The previous owners of the place I am living in now must have been terrific gardeners. Not only is there a healthy line of apple trees, there’s a 20’+ tall cherry tree and crazy awesome kiwi vines (the ones I spent ages pruning earlier this spring). And plenty of space that is ripe for annuals.
So ripe, in fact, that it is chock full of weeds right now. The soil is great, but the few (wanted) perennials are getting choked out by invasive weeds. Even mint is getting crowded, which is saying something. There are strawberry plants all over the place, but hidden.
A few days ago, the mother of my au pair family arrived home while I was out in the garden with the kids. As she surveyed the field of weeds, she made comments of mild despair about what to do. It does look like a lot of work to take every single weed out individually. She quickly made a suggestion that almost made me faint: well, we could just use a weed spray.
Well, you could.
When I pointed out that she has two young children who are out in the garden–specifically the basically abandoned ‘wildlands’–she didn’t immediately see what I was getting at, but eventually it sunk in: toxic chemicals for plants are typically not so great for children either. Instead, I suggested a gradual plan of modifying the area to make it more of a lawn, which is easier to maintain than a garden.
Let a sturdy variety of grass out-perform the weeds. Alter the environment to give the grass a competitive advantage. Start by cutting weeds, keeping area closely shorn and free of “successful” weeds (weeds allowed to go to seed). Chop up what remains. Clear out the big stuff and start sowing grass seed. Keep mowing. Keep sowing.
In my book, it’s not a perfect solution. And probably there will still be weeds–there are dandelions and buttercups throughout the rest of the lawn already. However, that’s okay. More flowers bring helpful insects (including bees) to the yard–and they’re pretty. But changing the circumstances from those that favor weeds to those that favor grass isn’t that hard, and it’s certainly less dangerous than introducing chemicals throughout the yard.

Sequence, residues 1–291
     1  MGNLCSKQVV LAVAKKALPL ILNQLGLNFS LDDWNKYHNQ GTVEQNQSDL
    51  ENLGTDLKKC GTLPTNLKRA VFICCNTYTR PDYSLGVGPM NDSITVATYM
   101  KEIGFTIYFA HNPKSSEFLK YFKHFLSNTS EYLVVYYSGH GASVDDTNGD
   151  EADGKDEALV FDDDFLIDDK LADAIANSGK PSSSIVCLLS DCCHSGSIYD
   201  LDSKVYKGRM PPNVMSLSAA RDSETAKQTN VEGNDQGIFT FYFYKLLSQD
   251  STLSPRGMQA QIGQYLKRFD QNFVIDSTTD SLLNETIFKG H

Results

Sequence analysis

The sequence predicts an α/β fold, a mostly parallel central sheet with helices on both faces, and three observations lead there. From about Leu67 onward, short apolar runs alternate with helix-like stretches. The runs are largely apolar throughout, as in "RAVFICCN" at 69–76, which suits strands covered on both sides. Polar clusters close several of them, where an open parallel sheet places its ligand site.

Additionally, chemical sprays don’t actually solve much–with a few exceptions, like applying RoundUp directly to poison ivy. If you try to use chemical treatments, you are making the environment more toxic for new plants–including grass–to grow. And in the absence of a competitor, there is inevitably some weed plant that is well-suited to that location. Bare earth is not a sustainable state for the average temperate climate suburban lawn. Bare earth quickly becomes either a garden (with intensive management) or a garden of weeds (without intensive management).
My grandfather was kind of horrified at the state of my garden two summers ago, because I didn’t spray anything and didn’t bother to weed very much. I did, however, keep my plants safe, so as long as I could still find them amidst my little jungle, my plants were free to mingle with their wild neighbors. What I did do was offer certain protection: viciously tearing away any vines threatening to strangle delicate plants, keeping seedlings free of invaders, and making sure that weeds weren’t ever “winning” or stealing valuable resources (like water) away from my veggies.
I did let weeds work to my advantage. When grasses grew tall, I would rip them out and leave them there, unrooted and drying in the sun, to serve as poor man’s straw, holding moisture into the ground. The truth was that the garden was too big–there was too much bare earth, and I wasn’t about to spend my whole summer weeding or spraying chemicals (especially with my baby chickens running around everywhere).